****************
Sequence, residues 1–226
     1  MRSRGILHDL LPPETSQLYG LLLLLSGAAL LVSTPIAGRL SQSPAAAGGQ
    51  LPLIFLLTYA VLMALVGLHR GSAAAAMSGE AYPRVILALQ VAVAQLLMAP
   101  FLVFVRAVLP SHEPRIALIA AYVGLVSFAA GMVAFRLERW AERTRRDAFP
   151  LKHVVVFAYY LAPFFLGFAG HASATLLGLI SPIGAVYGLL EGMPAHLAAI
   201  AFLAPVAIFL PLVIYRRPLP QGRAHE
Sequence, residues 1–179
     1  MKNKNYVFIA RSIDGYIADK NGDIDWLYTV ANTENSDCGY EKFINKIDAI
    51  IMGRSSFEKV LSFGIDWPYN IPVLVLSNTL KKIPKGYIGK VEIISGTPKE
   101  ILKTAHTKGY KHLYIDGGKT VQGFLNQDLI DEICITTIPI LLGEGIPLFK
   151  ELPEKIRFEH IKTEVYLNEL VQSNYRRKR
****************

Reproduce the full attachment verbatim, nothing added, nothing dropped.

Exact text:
Sequence, residues 1–226
     1  MRSRGILHDL LPPETSQLYG LLLLLSGAAL LVSTPIAGRL SQSPAAAGGQ
    51  LPLIFLLTYA VLMALVGLHR GSAAAAMSGE AYPRVILALQ VAVAQLLMAP
   101  FLVFVRAVLP SHEPRIALIA AYVGLVSFAA GMVAFRLERW AERTRRDAFP
   151  LKHVVVFAYY LAPFFLGFAG HASATLLGLI SPIGAVYGLL EGMPAHLAAI
   201  AFLAPVAIFL PLVIYRRPLP QGRAHE
Sequence, residues 1–179
     1  MKNKNYVFIA RSIDGYIADK NGDIDWLYTV ANTENSDCGY EKFINKIDAI
    51  IMGRSSFEKV LSFGIDWPYN IPVLVLSNTL KKIPKGYIGK VEIISGTPKE
   101  ILKTAHTKGY KHLYIDGGKT VQGFLNQDLI DEICITTIPI LLGEGIPLFK
   151  ELPEKIRFEH IKTEVYLNEL VQSNYRRKR